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Female Viking Warrior from Birka

How the burial might have looked just before it was closed in Viking times.
Credit: Drawing by Þórhallur Þráinsson; Copyright Antiquity Publications Ltd

(click on the images to enlarge)

in 1897, Hjalmar Stolpe uncovered an unusual burial from one of the cemeteries surrounding the emporium at Birka.

The burial had been placed in an underground wooden chamber, and the body was dressed in Eurasian steppe-style clothing. The remains of a mare and a stallion, their legs tucked under them, rested at one end of the chamber. Sharp weapons surrounded the deceased: a sheathed sword, an axe, a fighting knife, two spears, two shields, a quiver of 25 armour-piercing arrows and a small iron knife.

There was also a bag containing three antler dice and 28 gaming pieces, including a king piece marked with an iron nail, that sat on the deceased's lap. Moreover, the burial was the westernmost grave in Birka and was originally marked with a large boulder, which would have been visible to the settlement.

Because of the grave goods, Stolpe assumed that the grave was that of a male, but in the 1970s, an anatomical analysis of the bones suggested that they belonged to a female, and in 2016 a second analysis confirmed these findings.

So in 2017 a DNA analysis was carried out. In this study, which is published in the American Journal of Physical Anthropology, Charlotte Hedenstierna-Jonson, an archaeologist at Uppsala University in Sweden, and her colleagues did a genetic analysis. They found that the so-called male warrior had XX-chromosomes and so was biologically female.

The interpretation of this grave as a warrior burial was never challenged until the burial was revealed to be that of a woman.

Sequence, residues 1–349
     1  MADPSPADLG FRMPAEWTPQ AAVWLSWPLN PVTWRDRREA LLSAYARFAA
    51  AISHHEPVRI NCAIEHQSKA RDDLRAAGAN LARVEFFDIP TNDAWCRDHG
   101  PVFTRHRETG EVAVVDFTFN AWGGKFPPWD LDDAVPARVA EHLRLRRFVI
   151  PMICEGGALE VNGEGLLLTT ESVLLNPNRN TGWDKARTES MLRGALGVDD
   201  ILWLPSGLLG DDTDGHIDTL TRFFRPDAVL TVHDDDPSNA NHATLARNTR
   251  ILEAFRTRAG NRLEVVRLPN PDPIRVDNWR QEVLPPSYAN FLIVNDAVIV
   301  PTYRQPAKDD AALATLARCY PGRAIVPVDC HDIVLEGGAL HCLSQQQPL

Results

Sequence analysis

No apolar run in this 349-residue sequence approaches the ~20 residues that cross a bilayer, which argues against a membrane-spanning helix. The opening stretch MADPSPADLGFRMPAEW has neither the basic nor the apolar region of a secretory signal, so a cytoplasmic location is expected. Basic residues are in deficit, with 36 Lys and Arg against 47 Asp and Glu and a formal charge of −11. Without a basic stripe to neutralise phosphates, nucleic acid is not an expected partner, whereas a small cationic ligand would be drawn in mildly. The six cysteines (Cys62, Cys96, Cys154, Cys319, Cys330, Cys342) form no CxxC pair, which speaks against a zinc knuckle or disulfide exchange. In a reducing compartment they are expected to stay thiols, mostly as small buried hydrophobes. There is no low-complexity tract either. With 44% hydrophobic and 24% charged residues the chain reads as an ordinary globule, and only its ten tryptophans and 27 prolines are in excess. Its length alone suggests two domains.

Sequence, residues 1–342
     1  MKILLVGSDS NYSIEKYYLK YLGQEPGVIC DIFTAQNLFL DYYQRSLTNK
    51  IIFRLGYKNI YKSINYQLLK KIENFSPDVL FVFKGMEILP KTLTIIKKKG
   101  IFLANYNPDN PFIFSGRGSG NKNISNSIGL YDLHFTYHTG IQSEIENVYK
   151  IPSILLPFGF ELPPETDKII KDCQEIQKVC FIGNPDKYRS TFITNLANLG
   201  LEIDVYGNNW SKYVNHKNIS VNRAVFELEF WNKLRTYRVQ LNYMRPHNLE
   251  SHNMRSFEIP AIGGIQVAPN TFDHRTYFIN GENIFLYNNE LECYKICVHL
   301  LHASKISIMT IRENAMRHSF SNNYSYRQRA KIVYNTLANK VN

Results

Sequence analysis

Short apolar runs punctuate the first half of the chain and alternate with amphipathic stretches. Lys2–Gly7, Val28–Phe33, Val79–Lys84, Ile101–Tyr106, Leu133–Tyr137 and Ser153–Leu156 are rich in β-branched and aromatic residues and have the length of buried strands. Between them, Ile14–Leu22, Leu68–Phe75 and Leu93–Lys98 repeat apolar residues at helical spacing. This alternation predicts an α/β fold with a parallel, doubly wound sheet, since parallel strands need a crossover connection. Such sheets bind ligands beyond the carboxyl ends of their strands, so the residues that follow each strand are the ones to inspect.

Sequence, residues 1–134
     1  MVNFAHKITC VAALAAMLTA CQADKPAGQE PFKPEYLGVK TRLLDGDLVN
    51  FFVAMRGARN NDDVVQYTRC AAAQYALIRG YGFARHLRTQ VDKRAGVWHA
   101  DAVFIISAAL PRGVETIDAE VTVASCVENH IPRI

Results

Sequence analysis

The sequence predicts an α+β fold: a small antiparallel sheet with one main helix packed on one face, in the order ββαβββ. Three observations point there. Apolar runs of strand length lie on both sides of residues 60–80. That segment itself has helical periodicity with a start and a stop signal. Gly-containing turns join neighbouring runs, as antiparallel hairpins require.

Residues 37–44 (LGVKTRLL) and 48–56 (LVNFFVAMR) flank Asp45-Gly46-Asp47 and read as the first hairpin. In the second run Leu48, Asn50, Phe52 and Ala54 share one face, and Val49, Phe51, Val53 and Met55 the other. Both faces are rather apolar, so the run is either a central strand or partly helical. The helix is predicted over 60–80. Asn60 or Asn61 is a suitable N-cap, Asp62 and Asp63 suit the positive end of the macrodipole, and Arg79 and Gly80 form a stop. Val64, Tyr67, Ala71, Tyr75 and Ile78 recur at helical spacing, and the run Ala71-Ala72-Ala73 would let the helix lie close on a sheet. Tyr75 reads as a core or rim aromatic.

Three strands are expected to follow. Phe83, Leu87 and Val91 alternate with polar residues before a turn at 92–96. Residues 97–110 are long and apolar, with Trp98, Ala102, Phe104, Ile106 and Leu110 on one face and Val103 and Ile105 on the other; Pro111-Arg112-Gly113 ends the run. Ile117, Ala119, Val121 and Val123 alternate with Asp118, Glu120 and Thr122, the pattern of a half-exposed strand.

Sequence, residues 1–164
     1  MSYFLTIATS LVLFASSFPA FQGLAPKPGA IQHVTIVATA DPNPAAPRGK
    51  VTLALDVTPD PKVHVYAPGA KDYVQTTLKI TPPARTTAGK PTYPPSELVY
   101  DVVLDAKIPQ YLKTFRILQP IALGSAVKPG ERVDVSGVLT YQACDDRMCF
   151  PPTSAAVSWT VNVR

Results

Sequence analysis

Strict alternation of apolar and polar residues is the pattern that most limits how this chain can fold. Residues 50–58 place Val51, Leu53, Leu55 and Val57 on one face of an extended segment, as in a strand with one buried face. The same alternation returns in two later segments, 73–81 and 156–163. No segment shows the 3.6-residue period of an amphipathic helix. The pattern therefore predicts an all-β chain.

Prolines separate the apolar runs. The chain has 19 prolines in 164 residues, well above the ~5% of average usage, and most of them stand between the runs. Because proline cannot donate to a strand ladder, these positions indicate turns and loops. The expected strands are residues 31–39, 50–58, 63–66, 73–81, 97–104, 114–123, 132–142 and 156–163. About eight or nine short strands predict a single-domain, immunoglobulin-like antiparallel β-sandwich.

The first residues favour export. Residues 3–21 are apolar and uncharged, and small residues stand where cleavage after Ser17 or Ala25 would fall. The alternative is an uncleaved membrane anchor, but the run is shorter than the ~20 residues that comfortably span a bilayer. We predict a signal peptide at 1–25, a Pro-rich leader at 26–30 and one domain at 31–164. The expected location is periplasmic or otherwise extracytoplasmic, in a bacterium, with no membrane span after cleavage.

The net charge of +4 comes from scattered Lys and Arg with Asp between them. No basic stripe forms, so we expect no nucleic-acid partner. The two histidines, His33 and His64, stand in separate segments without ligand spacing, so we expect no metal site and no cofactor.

While the woman does not have any known injuries preserved in her bones, as other warriors who went to battle do, she was buried in an area that "reinforces a warrior interpretation — being situated outside the gate of the Birka hill fort and adjacent to two other burials containing numerous weapons," the researchers wrote in the study.

The functional weapons buried with the woman are also suggestive of warriorhood, but the researchers acknowledged that it's impossible to know if these items were actually her possessions or reflected her activities.

However, the researchers concluded that the most straightforward interpretation is likely correct:

"Many other interpretations of both funerary treatment and gender are possible, but Occam's razor would suggest that to reach for them as a first resort is to attempt to 'explain away' what seems to be the most obvious and logical conclusion," the researchers wrote in the study. "In our opinion, Bj.581 was the grave of a woman who lived as a professional warrior and was buried in a martial environment as an individual of rank."

See also:

A female Viking warrior confirmed by genomics